A quick review of tonight's "Louie" coming up just as soon as I put on some sunscreen...

Had "Duckling" just been a fly-on-the-wall travelogue of Louie going on a USO tour to Afghanistan(*), it would have been a terrific episode, I think. Sometimes, you don't need any kind of story, and where this could have easily been about Louie making a fool of himself in front of the soldiers, or the cheerleaders (well, there was a little of that), or in some other way coming up with a new thing to hate about himself, the simplicity of just seeing him go from base to base to do his act and interact with the soldiers was incredibly compelling on its own.(**) Louie doesn't screw up, and nor does he do anything incredible. He just does his act, works the crowd, gets some laughs and smiles and hopefully brightens some lousy days. And for an episode, that was enough.

(*) Playing the role of Afghanistan: Texas and California. As Louis C.K. explained to James Poniewozik, this was an episode where he needed more than his usual budget and therefore shared his plans in advance with FX, which he doesn't usually do as part of the arrangement.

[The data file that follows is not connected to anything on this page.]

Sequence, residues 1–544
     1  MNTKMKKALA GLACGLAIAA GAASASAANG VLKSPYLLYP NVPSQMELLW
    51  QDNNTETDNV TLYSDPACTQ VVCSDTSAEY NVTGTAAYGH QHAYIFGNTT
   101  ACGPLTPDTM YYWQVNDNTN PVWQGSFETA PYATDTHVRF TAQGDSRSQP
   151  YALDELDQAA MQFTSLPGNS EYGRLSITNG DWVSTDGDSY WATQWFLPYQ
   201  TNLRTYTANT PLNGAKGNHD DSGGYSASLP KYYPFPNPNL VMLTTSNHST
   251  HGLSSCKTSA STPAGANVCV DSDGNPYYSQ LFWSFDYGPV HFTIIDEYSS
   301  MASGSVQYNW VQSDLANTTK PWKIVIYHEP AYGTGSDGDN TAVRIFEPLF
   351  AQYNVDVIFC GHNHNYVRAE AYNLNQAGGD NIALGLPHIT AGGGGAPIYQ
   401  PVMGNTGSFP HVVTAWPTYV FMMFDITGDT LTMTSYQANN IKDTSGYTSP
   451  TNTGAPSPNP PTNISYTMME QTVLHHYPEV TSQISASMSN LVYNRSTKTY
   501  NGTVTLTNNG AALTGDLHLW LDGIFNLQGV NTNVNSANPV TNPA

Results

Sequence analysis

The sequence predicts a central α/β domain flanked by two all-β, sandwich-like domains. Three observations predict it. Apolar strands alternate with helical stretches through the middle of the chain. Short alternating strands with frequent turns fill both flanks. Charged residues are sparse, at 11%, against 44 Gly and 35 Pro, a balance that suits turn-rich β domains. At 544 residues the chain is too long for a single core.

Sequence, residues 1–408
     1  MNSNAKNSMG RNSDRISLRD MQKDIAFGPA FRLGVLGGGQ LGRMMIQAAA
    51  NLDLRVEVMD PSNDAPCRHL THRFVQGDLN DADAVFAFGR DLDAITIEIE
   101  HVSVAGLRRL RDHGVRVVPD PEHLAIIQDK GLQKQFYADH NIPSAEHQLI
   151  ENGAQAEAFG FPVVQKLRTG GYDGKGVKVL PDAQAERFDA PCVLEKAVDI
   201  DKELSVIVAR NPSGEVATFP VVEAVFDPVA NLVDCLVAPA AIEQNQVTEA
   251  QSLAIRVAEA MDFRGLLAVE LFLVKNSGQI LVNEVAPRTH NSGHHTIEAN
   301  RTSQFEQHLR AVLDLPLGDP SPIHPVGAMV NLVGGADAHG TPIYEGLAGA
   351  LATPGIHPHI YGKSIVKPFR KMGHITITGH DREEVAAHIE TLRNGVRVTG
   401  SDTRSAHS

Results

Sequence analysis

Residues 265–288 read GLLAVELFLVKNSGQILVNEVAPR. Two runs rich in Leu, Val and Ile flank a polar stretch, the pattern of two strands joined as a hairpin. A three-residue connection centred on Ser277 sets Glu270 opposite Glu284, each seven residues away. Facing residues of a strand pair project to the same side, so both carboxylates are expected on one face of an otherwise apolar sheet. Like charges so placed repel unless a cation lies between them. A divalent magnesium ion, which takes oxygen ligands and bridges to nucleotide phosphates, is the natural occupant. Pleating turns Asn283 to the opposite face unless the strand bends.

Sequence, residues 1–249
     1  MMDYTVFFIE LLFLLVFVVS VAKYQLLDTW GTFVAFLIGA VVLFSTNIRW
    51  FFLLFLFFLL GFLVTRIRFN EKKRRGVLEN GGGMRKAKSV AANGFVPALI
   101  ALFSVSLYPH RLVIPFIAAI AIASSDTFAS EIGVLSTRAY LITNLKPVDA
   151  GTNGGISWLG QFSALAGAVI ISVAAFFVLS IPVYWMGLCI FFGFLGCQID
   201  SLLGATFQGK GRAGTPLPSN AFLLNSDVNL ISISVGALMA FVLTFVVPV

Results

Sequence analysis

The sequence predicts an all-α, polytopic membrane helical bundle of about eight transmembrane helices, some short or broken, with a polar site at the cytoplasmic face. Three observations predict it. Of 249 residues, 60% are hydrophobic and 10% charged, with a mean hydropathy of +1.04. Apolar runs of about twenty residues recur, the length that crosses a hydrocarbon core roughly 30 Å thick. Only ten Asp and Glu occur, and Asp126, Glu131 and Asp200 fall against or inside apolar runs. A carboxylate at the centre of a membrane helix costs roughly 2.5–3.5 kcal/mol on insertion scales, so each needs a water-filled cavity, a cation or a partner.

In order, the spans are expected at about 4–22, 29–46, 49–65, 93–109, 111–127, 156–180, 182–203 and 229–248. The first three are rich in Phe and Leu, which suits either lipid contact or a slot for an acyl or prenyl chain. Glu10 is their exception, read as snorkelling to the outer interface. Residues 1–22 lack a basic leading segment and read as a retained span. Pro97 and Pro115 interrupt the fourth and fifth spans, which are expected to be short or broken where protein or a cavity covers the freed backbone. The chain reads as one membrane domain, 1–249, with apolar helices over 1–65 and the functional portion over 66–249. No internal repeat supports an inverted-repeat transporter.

(**) The visit to the Forward Operating Base was, no doubt intentionally, very reminiscent of the documentary "Restrepo," which was co-directed by the late Tim Hetherington, to whom the episode was dedicated.

But the duckling fulfilling Lily's belief that it would keep her daddy safe? That was, frankly, beautiful.(***) To hell with all the "the room got dusty" euphemisms; I got genuinely choked up watching the duck save not only Louie's life, but potentially that of every man, woman and child in that valley. So much of human conflict comes through a lack of understanding, where it's hard to find a common frame of reference even if you speak the same language. The soldiers and the Afghani locals were on the verge of shooting at each other out of fear and confusion, not because either side actually wanted to do it. They just needed to find something both groups could understand, and as it turns out, a pasty, schlubby man falling over while chasing a duckling is a universal language.

(***) And, as the end of the credits noted, the whole duckling story was the idea of Louis C.K.'s daughter Mary Louise. Between this episode and Tina Fey's daughter giving the world "I want to go to there," I may need to start pumping my kids for column ideas.

Fantastic episode. It's been twelve hours since I watched it, and I'm still smiling just thinking about it.

What did everybody else think?